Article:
Felix Velasquez / Covina, CA - Here’s a place any of us would feel right at home in. You could build just about anything in here, too. Welcome to Felix Velasquez’ garage. Conveniently, it doubles as his living space, as this garage is on his mother’s property. The workshop is in the front two-thirds of the garage, and he configured the rear section of it as his living area. Felix has been into cars as long as he can remember. After high school, he got a job at Automotive Balancing Shop and worked there for several years before leaving to work at a machine shop owned by his parents. His father recently passed away, and Felix is now back in school and working side jobs out of his garage. We love the place because he’s filled it with used equipment he’s bought from websites ranging from eBay to RacingJunk.com.
1. Felix keeps his ’66 Nova in his shop, too. It’s his first car; he bought it when he was in high school and formerly used it for street racing. It’s powered by a 400 (plus) small-block Chevy with a forged crank, rods, and pistons. He’s got Pro-Topline heads and pumps a 200-shot of nitrous through them. On the motor, it runs 12s. A Turbo 350 and a 10-bolt rear with Tom’s axles complete the drivetrain.
2. Like any well-used shop, Felix’s garage is full of stuff: racing pictures, vintage signs, magazine clippings, and similar memorabilia. Lots of these items are also functional, including old balancing tools and gauges. As an added bonus, there are at least three engine blocks hidden under this bench.
3. Hanging from the ceiling is this big-block Chevy. OK, it’s not a real engine—it’s one of those foam blocks used for mocking up an engine compartment. Still, it looks authentic, fully dressed with an oil pan, an intake manifold, and a flexplate.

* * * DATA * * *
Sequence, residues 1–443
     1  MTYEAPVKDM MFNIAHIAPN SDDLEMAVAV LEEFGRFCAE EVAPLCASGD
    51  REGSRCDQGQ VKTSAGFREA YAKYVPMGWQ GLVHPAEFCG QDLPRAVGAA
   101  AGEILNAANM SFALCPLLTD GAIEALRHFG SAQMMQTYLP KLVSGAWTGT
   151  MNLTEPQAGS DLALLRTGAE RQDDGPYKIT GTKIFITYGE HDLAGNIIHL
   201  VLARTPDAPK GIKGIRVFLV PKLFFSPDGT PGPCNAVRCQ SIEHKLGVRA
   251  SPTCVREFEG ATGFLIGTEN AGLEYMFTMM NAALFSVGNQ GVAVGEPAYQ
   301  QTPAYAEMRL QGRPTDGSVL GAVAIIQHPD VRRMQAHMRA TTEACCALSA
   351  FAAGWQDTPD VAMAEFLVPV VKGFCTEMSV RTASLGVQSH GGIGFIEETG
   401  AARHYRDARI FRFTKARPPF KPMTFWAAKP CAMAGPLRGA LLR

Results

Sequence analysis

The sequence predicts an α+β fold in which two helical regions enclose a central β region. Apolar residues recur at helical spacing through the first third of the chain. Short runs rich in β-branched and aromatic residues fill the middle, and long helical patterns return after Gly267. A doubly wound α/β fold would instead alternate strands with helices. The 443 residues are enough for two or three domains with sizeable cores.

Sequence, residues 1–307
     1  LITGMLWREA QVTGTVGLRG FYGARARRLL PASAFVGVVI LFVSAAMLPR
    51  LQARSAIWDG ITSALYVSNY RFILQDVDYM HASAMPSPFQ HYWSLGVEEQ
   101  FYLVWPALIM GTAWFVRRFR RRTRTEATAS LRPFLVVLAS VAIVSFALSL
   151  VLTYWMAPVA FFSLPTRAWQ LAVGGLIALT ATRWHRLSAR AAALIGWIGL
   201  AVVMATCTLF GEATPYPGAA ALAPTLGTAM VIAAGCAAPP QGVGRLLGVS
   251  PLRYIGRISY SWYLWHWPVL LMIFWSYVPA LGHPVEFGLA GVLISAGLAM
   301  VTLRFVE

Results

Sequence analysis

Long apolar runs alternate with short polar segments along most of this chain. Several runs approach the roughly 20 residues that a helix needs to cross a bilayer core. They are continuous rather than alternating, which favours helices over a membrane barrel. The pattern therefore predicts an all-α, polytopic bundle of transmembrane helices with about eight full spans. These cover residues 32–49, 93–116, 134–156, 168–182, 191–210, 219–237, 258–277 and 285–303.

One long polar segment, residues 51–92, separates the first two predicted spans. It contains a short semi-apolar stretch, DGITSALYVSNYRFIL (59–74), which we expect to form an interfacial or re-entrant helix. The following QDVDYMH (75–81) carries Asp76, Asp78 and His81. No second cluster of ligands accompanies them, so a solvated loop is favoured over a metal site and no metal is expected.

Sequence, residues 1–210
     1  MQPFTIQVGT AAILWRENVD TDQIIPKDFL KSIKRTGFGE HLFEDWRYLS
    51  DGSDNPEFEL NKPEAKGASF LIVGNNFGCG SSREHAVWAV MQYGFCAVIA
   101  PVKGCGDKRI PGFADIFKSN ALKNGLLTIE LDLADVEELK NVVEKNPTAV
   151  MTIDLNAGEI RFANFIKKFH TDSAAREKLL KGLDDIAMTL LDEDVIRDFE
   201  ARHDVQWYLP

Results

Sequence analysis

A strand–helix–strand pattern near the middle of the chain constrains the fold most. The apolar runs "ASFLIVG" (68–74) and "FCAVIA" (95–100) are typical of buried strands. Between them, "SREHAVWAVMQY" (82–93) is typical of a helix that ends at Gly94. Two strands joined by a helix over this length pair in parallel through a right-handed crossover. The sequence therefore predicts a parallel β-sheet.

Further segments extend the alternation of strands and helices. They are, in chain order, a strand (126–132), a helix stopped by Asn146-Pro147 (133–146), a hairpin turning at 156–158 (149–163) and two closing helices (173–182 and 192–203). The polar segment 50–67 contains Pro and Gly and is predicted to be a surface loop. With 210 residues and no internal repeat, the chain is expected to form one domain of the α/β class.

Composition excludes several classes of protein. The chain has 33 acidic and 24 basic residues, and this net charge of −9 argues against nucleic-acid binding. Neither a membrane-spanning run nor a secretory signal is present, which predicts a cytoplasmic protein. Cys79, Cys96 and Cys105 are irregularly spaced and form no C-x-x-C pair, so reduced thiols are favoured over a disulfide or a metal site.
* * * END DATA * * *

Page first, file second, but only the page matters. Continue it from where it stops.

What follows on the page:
4. The machinery lining the right-hand wall are also items Felix bought through careful searching of swap-meet booths and websites. The bigger machines, such as the drill presses, are stationary, but the smaller items, like the grinder and tubing bender, are mounted on pedestals so he can pull things out as he needs them and push them back out of the way when he’s done.
5. Felix bought this bench used and added the solid wood top, which provides a strong foundation for metalwork projects The copper-colored tool on the left side of the table is a metal shear that will cut through any piece of sheetmetal you will find on a car. Those gold-colored tools behind it are anvils Felix uses for shaping metal. The anvils fit into various slots in the table to help create the shapes he wants. To the left of the table is a vertical disc sander.
Out in the backyard is this way-cool engine test stand. Felix made the frame and motor-mount bars and bought the gauges from a machine shop selling its old dyno. He runs every engine he builds on this stand ahead of time, dialing in the fuel and timing so the engine is ready to run when it gets dropped into the car. His neighbors don’t complain because he hooks up a full exhaust system prior to firing the engine.